Alan Lomax, the South, and the American folk music revival, 1933-1969

Publication Type:



Lenz, Risto,


Peter Lang,, Volume volume 16, Berlin Germany ;, p.447 pages : (2022)

Call Number:



(OCoLC)fst00916186, (OCoLC)fst00929383, Ethnomusicologie, Ethnomusicology, Ethnomusicology., États-Unis., fast, Folk music, Folk music., History and criticism., Southern States, United States.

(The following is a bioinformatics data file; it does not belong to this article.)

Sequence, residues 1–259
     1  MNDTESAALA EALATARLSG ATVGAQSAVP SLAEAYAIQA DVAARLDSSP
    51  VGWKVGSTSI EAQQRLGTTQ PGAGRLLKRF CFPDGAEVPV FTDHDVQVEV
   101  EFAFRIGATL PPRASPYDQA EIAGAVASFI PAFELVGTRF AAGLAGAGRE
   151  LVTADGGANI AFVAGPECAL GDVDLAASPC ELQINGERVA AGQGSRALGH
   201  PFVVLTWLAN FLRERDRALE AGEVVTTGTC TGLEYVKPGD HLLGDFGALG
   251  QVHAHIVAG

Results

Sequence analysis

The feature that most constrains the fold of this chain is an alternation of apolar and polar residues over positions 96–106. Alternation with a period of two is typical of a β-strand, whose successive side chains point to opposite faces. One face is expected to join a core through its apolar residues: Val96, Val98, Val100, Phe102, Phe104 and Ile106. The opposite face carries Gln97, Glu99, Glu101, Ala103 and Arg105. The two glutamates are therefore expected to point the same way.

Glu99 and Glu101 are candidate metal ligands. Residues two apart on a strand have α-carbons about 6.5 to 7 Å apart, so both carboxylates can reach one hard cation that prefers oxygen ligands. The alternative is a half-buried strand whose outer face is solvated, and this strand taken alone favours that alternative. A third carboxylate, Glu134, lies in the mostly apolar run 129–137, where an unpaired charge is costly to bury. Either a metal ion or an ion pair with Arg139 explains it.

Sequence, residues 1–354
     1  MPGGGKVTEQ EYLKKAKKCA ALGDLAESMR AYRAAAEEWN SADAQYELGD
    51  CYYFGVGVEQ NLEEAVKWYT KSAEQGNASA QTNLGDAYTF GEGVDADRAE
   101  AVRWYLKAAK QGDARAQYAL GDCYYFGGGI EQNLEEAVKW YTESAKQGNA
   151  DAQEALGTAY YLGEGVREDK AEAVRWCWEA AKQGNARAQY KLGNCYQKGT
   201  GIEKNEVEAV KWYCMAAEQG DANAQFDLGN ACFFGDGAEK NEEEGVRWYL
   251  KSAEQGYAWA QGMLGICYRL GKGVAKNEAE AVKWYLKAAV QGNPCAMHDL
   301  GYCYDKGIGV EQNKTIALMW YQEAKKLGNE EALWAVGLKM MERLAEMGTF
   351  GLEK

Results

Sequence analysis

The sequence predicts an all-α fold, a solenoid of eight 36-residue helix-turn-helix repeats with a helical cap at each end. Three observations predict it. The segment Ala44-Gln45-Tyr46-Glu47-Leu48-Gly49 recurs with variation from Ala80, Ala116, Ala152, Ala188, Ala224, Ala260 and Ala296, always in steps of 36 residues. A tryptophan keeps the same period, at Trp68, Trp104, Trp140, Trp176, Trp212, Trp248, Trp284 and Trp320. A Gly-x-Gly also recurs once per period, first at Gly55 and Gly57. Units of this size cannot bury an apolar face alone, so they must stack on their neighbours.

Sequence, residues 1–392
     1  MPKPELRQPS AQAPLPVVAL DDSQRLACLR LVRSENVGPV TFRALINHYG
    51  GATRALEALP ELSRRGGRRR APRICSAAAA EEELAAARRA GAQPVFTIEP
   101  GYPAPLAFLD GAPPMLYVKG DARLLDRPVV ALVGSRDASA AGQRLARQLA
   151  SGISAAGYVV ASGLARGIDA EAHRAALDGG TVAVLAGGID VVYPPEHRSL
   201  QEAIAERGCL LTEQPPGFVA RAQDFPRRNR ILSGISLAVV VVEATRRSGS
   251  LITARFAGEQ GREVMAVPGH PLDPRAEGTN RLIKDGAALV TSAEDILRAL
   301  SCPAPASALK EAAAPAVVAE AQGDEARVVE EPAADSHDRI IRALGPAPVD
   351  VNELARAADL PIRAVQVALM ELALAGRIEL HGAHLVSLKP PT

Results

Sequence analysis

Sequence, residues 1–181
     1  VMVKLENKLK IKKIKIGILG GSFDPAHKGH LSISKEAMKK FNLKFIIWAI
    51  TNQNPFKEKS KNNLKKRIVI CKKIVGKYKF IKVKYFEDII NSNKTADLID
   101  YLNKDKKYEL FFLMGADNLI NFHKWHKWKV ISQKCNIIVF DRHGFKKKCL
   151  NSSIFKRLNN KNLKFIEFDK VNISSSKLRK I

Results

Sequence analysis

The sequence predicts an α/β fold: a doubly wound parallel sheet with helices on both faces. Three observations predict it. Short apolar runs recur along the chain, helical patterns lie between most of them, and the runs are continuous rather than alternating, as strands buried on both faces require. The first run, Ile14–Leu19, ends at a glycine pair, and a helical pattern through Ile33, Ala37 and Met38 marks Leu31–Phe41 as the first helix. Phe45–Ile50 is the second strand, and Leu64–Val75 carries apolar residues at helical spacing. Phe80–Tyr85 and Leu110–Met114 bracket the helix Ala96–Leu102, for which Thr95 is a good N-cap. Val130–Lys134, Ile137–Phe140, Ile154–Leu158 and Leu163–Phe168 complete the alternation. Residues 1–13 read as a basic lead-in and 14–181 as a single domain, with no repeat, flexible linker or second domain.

Dissertation--Universität zu Köln.Includes bibliographical references.American Folklore : Appliedversus Pure Research -- The Expert From Below -- Radio and Film -- Gender, Race and the Folklorist -- "A Mississippi of Song" : Lomax and the Construction of Delta Blues -- Lomax and the 1960s "Folk Boom"."Alan Lomax (1915-2002) is arguably the most popular and influential American folk song collector of the 20th century. Pursuing a mission of both preserving and popularizing folk music, Lomax moved between political activism, the scholarly world, and the world of popular culture. Based largely on primary material, the book shows how Lomax's diverse activities made him an authority in the field of folk music and how he used this power to advocate the cultures of perceived marginalized Americans - whom he located primarily in the American South. In this approach, however, folk music became an abstract idea onto which notions oscillating between hope and disillusionment, fear and perspective were projected. The author argues that Lomax's role as a cultural mediator, with a politically motivated approach, helped him to decisively shape the perception and reception of what came to be known as American folk music, from the mid 1930s to the late 1960s"--